Mexico's own Aztec auteurs -- filmmakers like Chano Huerta ("El Espejo de la Bruja"), Carlos Enrique Taboada ("El Libro de Piedra"), Felipe Cazals ("Canoa"), Juan Lopez Moctezuma ("Alucarda"), Rene Cardona Jr.("Tintorera"), Cristian Gonzalez ("The Zodiac Killer") and Guillermo Del Toro ("Cronos") -- have been essential in Mexico's own visual history of the fantastic.Dozens of newsstands and libraries, plus the local mom-and-pop video stores insured that Mexican Gen-Xers grew up consuming America's pop culture and it's indie roots, including B-movies, sleaze, horror, and the macabre from publications like "Famous Monsters of Filmland" and "Gorezone" magazine, and from writers like Tim Lucas and Pete Tombs.
Editing with two VCR's and creating our own stars, like actor Hector Jimenez ("Nacho Libre") and our own cult short-films like "Omega Shell," we started to make films about our everyday life, the contradictory chaos of the city; sex and religion, the comprehensible and the esoteric, the uncivilized and the technology, pleasure and pain, English and Español and most of all, the culture of violence.
On screen, most of the subjects mix the aesthetics of many genre and sub-genres of the fantastic -- like cyber-punk, surrealism, steam-punk, and science fiction. I'm not sure, but if you asked about influences, in Mexico's academic system, filmmakers answer with cliches like Federico Fellini and Jean-Luc Godard.
Low budget B-movie producers produced action-packed sexploitation films with the legion of new stars emerging after the demise of the Mexican Golden Age Cinema.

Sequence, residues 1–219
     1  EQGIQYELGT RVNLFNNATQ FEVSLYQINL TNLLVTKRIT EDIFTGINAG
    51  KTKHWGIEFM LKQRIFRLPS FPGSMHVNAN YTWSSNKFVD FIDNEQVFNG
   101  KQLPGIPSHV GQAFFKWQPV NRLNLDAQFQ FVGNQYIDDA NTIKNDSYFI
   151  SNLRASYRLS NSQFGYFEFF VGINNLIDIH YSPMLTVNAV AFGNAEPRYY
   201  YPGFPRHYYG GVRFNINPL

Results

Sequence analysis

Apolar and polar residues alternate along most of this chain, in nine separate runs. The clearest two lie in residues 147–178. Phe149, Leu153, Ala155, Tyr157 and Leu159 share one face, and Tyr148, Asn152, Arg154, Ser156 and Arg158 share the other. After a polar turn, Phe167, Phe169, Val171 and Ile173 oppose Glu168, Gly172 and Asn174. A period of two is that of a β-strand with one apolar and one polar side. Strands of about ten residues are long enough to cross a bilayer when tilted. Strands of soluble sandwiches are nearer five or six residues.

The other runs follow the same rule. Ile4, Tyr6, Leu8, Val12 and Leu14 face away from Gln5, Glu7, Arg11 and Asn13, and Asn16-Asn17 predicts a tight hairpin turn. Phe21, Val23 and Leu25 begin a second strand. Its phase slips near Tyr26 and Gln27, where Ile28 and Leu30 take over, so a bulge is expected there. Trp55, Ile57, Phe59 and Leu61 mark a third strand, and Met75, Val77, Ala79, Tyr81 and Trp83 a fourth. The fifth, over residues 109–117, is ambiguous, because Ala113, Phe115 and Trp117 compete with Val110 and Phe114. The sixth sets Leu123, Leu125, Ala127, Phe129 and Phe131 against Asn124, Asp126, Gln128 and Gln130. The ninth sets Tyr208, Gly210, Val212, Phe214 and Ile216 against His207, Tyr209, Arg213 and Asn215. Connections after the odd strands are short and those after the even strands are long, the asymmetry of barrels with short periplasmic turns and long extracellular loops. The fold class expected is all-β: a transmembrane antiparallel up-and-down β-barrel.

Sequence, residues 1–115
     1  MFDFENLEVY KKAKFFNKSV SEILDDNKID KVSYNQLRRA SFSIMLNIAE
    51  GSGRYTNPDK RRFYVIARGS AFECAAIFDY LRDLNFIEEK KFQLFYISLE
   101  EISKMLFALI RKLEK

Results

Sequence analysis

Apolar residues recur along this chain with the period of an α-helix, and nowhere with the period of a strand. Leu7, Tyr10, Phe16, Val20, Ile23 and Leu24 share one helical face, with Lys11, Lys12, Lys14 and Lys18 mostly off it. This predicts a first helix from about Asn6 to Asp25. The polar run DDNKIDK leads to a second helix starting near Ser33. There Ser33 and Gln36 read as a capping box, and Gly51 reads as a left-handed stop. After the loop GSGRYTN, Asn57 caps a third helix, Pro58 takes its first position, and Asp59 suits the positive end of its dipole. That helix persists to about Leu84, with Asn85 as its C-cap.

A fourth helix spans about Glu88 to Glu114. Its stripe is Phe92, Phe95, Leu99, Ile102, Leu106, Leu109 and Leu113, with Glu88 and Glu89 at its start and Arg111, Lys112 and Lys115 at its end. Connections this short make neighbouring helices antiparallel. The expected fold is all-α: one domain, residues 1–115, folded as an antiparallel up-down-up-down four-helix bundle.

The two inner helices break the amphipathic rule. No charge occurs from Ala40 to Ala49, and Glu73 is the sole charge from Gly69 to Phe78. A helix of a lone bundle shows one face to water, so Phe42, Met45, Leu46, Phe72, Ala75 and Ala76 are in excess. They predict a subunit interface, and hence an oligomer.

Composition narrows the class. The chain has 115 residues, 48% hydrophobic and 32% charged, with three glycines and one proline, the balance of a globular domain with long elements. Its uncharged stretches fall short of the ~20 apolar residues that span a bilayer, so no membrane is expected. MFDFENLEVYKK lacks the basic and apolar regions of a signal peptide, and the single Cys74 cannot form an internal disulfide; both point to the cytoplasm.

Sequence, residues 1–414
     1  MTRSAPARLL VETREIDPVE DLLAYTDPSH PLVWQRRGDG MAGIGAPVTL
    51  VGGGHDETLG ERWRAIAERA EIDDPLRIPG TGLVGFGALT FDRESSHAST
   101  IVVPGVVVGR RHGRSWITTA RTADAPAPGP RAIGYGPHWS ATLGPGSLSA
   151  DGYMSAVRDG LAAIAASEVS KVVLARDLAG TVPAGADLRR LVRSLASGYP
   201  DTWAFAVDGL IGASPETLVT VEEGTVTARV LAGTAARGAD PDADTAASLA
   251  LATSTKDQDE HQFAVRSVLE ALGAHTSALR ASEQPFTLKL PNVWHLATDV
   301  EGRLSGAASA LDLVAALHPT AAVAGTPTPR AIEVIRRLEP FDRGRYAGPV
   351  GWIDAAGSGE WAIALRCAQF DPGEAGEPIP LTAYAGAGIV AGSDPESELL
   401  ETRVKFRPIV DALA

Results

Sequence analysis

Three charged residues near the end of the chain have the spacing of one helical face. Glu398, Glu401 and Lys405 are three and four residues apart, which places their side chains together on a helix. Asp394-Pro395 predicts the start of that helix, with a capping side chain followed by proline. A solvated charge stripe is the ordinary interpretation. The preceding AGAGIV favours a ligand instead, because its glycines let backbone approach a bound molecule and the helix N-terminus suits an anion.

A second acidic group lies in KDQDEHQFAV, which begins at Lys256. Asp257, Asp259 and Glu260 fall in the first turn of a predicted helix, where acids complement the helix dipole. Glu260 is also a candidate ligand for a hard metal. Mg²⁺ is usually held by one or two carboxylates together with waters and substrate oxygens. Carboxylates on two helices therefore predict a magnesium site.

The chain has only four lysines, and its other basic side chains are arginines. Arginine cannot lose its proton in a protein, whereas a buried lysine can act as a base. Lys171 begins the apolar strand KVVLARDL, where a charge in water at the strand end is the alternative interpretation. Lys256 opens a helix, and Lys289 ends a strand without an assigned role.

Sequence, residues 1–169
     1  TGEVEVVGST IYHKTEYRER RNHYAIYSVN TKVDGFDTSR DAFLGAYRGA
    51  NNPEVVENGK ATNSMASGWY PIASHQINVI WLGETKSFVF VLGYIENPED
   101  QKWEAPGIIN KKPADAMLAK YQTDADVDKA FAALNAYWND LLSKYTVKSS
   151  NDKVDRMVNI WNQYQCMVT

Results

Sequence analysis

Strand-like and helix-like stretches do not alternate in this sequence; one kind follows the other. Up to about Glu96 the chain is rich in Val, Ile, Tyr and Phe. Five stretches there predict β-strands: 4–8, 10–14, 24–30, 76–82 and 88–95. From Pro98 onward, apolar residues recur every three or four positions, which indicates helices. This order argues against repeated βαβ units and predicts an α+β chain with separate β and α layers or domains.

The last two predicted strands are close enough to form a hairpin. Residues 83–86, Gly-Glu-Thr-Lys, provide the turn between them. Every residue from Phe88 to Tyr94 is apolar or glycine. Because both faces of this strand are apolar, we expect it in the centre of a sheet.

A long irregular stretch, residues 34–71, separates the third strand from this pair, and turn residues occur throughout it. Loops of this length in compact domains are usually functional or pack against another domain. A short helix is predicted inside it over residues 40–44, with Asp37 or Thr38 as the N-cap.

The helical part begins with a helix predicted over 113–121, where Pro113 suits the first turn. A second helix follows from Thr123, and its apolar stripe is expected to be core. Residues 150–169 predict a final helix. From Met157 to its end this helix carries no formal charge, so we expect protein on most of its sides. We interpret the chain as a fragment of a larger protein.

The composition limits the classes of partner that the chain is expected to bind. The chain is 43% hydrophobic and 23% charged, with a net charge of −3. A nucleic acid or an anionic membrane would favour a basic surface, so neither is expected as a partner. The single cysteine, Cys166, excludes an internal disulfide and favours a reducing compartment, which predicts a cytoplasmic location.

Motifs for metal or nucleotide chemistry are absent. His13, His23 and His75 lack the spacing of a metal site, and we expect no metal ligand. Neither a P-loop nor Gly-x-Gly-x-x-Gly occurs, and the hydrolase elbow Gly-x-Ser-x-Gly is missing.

From badass Mario Almada movies to ultra sexy Lyn May vehicles, the city was presented as sensationalistic, with border cliches like prostitutes, drugs, illegals, violence and the downtown bar scene populating the new genre.
Third world rebels were experimenting with old broken super 8 and 16mm cameras and videotape, similar to New York's transgression movement.
Directors like Fran Ilich, Giancarlo Ruiz, Omar Ynigo and myself, started what would become known as the DIY movement from the 00's down in Baja.México's has been called a land of mystery and magic.It's ancient myths and tales of folklore have influenced a whole culture through writers, painters, photographers and especially, filmmakers.But there is a new breed of genre filmmakers, spreading throughout the provincial cities.Industry rejecters, that could either not afford film school or that could not conform to the system."Los Zetas" is a insane zombie musical a la Troma, too bloody to be really funny and too self conscious to be consider arty, but also too intelligent and personal to be described as simply trash.